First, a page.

Vol 33 No 1 (2018)
Sound + Vision
By Laura Kunreuther
This article asks a deceptively simple question: what does democracy sound like? Democracy is commonly associated with various forms of voicing—political speeches, shouting protesters, filibusters in the halls Congress, or heated debates in teashops, salons, and newspapers around the world. Voice thus often functions as a metaphor for political participation and representation. Political metaphors of voice are usually disembodied, and are rarely invoked in reference to the other forms for political utterance, sound, or even noise that make up the many practices of participatory democracy. In such contexts, the notion of voice depends not on a single speaker but on a mass collectivity to make any message heard. The South Asian term āwāj refers explicitly to both the sonic and metaphorical meanings of voice, which this article uses to provincialize more commonly used global metaphors of voice. I consider what democracy sounds like by following the pathways of āwāj through two examples of participatory democracy on the streets of Kathmandu: a performance art piece and a political protest called Occupy Baluwatar. Āwāj and the sonic motifs I explore in these performances offer a conceptual rubric for breaking open the discourse of voice used in global human-rights organizations, humanitarian discourse, and liberal understandings of the public sphere, bringing forward a political subjectivity based on both intention and affect in a transmission of sound that is at once mass-mediated and acutely embodied.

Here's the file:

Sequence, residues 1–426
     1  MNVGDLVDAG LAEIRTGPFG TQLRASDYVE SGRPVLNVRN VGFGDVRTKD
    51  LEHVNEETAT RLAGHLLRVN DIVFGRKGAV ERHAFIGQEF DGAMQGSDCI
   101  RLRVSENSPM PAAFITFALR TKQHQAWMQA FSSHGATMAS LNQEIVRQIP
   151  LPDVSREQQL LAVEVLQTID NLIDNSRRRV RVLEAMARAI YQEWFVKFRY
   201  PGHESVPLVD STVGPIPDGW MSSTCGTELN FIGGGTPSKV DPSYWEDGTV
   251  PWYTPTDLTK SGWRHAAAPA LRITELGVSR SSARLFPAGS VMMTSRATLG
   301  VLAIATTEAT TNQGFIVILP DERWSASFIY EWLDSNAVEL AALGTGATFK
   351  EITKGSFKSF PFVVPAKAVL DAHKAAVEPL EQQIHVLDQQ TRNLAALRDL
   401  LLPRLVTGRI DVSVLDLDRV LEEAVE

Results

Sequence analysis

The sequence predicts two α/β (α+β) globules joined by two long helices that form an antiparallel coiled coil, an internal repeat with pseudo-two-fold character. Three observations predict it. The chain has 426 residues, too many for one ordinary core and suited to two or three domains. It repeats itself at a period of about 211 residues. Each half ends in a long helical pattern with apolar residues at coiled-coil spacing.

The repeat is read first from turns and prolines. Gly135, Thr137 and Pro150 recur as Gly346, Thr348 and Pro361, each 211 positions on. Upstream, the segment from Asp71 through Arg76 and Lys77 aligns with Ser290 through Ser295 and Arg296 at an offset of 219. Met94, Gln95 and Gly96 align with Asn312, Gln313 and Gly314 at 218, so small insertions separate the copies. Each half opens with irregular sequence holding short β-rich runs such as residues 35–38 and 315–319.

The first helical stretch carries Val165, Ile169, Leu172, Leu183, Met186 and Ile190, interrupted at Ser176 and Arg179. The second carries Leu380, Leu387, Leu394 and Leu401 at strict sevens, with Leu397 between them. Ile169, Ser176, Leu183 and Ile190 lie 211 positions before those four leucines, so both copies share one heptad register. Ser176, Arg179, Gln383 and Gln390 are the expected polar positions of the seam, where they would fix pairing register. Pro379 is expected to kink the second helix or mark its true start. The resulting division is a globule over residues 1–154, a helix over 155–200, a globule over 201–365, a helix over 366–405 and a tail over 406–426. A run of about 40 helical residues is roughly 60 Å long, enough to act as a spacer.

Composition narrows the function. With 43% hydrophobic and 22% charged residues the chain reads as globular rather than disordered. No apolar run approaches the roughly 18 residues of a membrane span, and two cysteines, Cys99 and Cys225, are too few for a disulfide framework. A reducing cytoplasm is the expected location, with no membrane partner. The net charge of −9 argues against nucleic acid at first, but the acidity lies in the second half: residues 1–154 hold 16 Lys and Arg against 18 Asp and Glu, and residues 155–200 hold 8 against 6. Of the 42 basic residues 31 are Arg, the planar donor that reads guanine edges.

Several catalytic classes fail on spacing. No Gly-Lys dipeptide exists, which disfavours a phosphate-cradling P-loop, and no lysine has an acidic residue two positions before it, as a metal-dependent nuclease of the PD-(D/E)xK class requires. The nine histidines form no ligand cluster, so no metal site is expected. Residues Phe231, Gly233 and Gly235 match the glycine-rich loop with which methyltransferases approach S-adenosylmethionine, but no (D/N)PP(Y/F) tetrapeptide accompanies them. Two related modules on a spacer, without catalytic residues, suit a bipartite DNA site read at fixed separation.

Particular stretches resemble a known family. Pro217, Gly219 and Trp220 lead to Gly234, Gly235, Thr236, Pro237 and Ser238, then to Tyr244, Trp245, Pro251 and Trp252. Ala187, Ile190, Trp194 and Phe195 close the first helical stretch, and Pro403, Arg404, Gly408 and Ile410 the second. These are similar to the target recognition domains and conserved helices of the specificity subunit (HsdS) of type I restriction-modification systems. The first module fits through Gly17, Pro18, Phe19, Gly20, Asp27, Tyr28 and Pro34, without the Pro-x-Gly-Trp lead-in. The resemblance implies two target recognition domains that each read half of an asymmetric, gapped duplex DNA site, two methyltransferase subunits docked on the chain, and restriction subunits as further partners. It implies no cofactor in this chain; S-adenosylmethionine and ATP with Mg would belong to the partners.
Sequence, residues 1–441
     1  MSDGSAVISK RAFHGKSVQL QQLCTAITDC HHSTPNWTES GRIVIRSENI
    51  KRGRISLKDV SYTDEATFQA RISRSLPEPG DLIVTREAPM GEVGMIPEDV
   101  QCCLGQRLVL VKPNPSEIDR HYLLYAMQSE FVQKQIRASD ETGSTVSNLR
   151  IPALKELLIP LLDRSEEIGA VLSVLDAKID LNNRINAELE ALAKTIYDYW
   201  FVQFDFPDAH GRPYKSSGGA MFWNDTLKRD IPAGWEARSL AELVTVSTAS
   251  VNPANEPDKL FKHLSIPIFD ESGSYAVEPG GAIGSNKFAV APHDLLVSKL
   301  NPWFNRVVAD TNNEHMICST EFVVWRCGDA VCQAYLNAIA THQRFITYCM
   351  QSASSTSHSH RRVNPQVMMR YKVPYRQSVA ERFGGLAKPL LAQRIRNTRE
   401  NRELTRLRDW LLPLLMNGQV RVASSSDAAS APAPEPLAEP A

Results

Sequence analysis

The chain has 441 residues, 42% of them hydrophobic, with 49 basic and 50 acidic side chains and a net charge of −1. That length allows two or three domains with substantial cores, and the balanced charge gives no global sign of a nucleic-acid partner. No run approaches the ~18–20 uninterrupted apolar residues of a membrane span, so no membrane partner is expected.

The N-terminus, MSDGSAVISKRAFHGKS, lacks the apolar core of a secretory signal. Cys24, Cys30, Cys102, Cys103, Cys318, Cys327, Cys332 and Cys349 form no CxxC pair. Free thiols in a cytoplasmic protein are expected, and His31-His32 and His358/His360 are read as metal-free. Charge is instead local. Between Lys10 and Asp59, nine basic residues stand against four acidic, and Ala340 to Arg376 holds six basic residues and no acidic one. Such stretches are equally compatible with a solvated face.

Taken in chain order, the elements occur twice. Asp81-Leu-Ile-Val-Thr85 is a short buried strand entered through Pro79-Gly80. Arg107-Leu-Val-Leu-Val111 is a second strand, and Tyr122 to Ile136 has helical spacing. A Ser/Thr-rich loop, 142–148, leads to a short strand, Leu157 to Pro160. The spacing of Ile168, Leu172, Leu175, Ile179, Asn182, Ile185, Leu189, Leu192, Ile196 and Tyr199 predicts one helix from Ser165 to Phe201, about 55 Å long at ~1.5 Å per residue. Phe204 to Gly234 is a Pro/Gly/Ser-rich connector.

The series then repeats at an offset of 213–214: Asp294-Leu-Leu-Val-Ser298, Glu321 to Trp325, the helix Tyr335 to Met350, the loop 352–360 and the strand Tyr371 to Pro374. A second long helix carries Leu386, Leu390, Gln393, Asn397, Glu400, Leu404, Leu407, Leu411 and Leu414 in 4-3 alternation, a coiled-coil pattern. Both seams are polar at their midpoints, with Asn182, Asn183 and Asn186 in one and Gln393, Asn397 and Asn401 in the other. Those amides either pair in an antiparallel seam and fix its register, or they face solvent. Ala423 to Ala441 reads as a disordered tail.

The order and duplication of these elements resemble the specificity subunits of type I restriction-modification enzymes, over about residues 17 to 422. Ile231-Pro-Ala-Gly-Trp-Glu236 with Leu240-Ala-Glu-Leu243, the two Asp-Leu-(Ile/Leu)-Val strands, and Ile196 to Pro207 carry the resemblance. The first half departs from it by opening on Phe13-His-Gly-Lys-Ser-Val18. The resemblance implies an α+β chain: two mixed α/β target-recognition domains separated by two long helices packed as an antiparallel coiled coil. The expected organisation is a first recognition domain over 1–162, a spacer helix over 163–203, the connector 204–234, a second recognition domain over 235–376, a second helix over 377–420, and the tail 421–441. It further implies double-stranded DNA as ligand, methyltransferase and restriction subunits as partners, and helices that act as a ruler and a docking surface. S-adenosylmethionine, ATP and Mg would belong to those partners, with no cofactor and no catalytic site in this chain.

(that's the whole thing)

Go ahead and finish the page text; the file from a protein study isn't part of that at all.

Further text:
voice; democracy; sound; noise; affect; protests; political subjectivity